Description: Economic efficiency is something much more than producing goods at the lowest possible cost. In involves providing individuals with the goods and services they desire, in the quantities, qualities, places, and times they desire them, with the least use of society's scarce resources. In America, antitrust laws forbid the use of certain practices that are detrimental to competition. However, government creates laws to impose social and environmental regulation. What are the economic costs associated with environmental and social regulation? Standards 12.3.1.and 12.3.2 economics

Author: William Luksetich, St. Cloud State University

Lesson ID: 701

Offshore Windfarms in the United States?

http://www.web-and-flow.com/members/polson/webquest/webquest.htm

Description: As an industrialized nation we depend greatly upon electricity. Conventional electrical power plants are mostly fueled by coal, oil, or natural gas; the burning of fossil fuels to create electricity contributes to global warming and air pollution. Wind power does not require fuel, create pollution or consume scarce resources. Many believe the energy future belongs to wind as a clean, renewable energy, especially as global policies to reduce greenhouse gases are adopted. Should the United States develop offshore wind farms as part of the national energy policy? Standard 12.3.1 economics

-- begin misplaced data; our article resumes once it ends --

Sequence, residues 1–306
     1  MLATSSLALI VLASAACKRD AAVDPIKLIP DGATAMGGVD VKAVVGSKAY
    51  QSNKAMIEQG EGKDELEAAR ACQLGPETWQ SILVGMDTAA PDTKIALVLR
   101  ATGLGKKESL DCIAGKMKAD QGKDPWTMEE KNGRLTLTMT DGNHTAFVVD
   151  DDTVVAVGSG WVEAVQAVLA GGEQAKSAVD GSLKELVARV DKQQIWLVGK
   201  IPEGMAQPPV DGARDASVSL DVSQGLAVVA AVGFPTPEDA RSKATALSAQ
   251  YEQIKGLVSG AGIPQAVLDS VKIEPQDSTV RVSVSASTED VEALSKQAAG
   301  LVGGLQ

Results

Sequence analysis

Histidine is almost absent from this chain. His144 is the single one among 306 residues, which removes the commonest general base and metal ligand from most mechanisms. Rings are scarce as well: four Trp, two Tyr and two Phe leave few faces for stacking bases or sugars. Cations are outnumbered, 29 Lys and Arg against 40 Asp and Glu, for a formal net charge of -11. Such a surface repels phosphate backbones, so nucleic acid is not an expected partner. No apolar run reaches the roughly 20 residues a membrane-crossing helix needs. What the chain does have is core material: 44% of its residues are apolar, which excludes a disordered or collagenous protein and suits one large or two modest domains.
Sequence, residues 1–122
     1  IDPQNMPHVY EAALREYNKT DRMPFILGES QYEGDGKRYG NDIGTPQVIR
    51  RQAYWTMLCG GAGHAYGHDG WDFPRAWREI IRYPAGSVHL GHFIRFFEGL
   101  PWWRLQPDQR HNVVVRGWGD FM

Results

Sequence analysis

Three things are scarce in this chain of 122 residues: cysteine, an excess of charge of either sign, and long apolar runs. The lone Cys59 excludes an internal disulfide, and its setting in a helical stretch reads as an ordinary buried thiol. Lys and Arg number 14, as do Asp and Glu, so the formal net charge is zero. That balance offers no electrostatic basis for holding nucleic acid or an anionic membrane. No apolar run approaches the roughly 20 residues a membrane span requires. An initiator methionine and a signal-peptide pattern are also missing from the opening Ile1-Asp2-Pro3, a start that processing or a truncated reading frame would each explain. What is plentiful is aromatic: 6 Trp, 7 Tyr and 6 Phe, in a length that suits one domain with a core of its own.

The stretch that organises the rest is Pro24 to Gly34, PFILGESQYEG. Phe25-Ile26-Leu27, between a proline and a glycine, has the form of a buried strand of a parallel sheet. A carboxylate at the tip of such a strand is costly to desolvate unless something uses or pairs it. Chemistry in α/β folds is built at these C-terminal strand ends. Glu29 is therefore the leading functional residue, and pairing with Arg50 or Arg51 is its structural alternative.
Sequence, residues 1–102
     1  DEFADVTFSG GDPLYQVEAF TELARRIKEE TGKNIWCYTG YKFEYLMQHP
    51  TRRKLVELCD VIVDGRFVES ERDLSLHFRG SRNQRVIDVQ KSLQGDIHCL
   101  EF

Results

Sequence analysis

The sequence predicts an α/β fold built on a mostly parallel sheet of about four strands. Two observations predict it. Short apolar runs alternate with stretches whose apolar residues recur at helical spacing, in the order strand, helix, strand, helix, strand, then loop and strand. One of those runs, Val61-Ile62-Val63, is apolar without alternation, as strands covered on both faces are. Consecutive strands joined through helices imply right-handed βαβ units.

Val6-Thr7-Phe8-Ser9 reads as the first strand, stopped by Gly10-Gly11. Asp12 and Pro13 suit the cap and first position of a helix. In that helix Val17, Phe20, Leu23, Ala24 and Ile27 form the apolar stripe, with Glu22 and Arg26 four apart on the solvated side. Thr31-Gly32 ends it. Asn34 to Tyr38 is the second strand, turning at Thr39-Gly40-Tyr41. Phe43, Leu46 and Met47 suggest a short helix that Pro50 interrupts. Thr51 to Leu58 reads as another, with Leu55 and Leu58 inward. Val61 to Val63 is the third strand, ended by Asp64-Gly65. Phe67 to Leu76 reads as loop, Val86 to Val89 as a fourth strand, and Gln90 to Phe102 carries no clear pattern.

Author: Pamela Olson

Lesson ID: 768

Prohibition Then - MADD Today

http://ecedweb.unomaha.edu/lessons/feusA.htm

Description: Why did Prohibiiton fail? The production and consumption of alcoholic beverages involve market exchanges that carry with them external costs borne by third parties.Read short histories of Prohibition and Mothers Against Drunk Driving and evaluate each of these policies on their effect on consumer behavior. Standard 11.5.3 and 12.3.2 economics